The ANZAC legacy after 100 years: some intellectual problems

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The ANZAC legacy after 100 years: some intellectual problems

This is my first time in Australia. I am here for the international symposium on the ANZAC (Australian and New Zealand Army Corps) legacy convened by UNESCO Chair Fethi Monsouri at Deakin University. I have had the opportunity to hear leading Australian historians such as Peter Stanley and Robin Prior. Indeed, the ANZAC legacy plays a critical role in the formation of the Australian identity. In a sense, the battle fought by the Anzacs (this is the very reverent Australian and New Zealander tag for the soldiers who served in the ANZAC) is one of the major events in the modern history of Australia. The Australian government has prepared a five-year plan to commemorate the legacy wrought by the Anzacs for the centennial of World War I.

Frankly, as a Turkish citizen, I was impressed by the Australian states’ governments and other experts’ high levels of consciousness of the centennial of the World War I. Swamped in its peculiar problems of authoritarianism, the same cannot be said of Turkey. In fact, the legacy of the World War I is equally important for Turkish people. Despite this, Turkey is doing less to commemorate its centennial.

So, after 100 years, what is the meaning of the Anzac legacy for Turkey and Australia in terms of bilateral relations? For both nations, the Gallipoli Campaign was a key segment of their identity-formation process. One cannot argue that Gallipoli created the Turkish and Australian nations. However, it played a formative role. Thus, its legacy is a potential soft power-producing mechanism between Turkey and Australia.

Thanks to this historical event, the Australian states, their governments, and the Australian federal government take a lot of interest in Turkey. In view of this, the absence of a satisfactory Turkish study of the Anzacs is unfortunate. There are many experts on the Gallipoli Campaign and its impact on Turkey. But a Turkish understanding of the Anzacs is needed. Turks should differentiate the Anzacs in the Gallipoli Campaign context, for studying that war is not enough to understand their role. Thus, a more detailed focus on the Anzacs from a Turkish perspective is needed. Filling this gap requires many new joint studies of Turkish and Australian scholars and institutions.

Meanwhile, the credit given to Turkey by Australian society, thanks to the Anzacs, is at risk. At the symposium, Peter Stanley, a leading Australian historian, recalled the events that took place between the Ottomans and Armenians in 1915. According to Stanley, the Australian focus on the Ottomans excludes various events, such as those of 1915 between the Ottomans and Armenians. “The Armenian issue” has a tendency to grab the attention of Australian historians.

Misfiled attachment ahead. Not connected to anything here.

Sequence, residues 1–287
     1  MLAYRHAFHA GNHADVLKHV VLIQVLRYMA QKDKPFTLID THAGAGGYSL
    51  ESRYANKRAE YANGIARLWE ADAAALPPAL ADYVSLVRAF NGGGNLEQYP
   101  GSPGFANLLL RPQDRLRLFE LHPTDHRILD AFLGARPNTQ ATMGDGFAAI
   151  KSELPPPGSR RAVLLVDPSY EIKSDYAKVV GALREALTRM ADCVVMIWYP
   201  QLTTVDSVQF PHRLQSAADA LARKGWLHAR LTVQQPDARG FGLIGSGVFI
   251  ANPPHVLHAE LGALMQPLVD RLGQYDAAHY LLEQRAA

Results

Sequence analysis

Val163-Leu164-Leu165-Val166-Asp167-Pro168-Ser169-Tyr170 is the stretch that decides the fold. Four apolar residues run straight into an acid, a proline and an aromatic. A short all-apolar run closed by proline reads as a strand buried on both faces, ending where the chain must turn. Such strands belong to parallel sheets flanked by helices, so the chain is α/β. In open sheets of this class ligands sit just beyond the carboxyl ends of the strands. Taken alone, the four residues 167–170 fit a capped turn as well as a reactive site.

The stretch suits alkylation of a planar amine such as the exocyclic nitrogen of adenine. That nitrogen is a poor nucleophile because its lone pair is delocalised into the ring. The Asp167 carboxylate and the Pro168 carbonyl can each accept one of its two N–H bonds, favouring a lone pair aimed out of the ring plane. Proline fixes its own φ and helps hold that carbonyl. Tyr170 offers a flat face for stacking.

Another dynamic is rising authoritarianism in Turkey. An authoritarian Turkey is likely to ruin its social prestige in Australia. Australia is a highly open society. I was impressed to see how closely Australian experts are following recent developments in Turkey. We have yet to find out how this new dynamic will affect the Australian perception of Turkey.

Turkey can do better on the issue than it is doing. Turkey is the place of, and the partner in, the formation of the Anzac legacy, a most important Australian legacy. The Anzacs’ case is a kind of rare event from a military history perspective. A piece of Turkish land has become the place for one of the most important events of another nation, Australia. Thinking realistically, Turkey can generate more effective economic and cultural outcomes through the ANZAC legacy. Given its huge impact on Australia, one cannot say that Turkey has done enough to benefit from this by fostering good relations with Australia.

Finally, the Anzacs’ case is a potential field of study for Turkish scholars. Australia is an advanced, English-speaking country. So it surprises me to see that few Turkish scholars have taken interest either in this case, or in Australia. In fact, there is a big opportunity here. Turkish scholars who can provide a Turkish perspective on the Anzacs will find a shortcut to an academic reputation in Australia. It is very clear that more Turkish doctoral students should focus on the Anzacs in the upcoming years. In a sense, the ANZAC legacy is sheer uncharted territory for Turkish academics.

GÖKHAN BACIK (Today’s Zaman)

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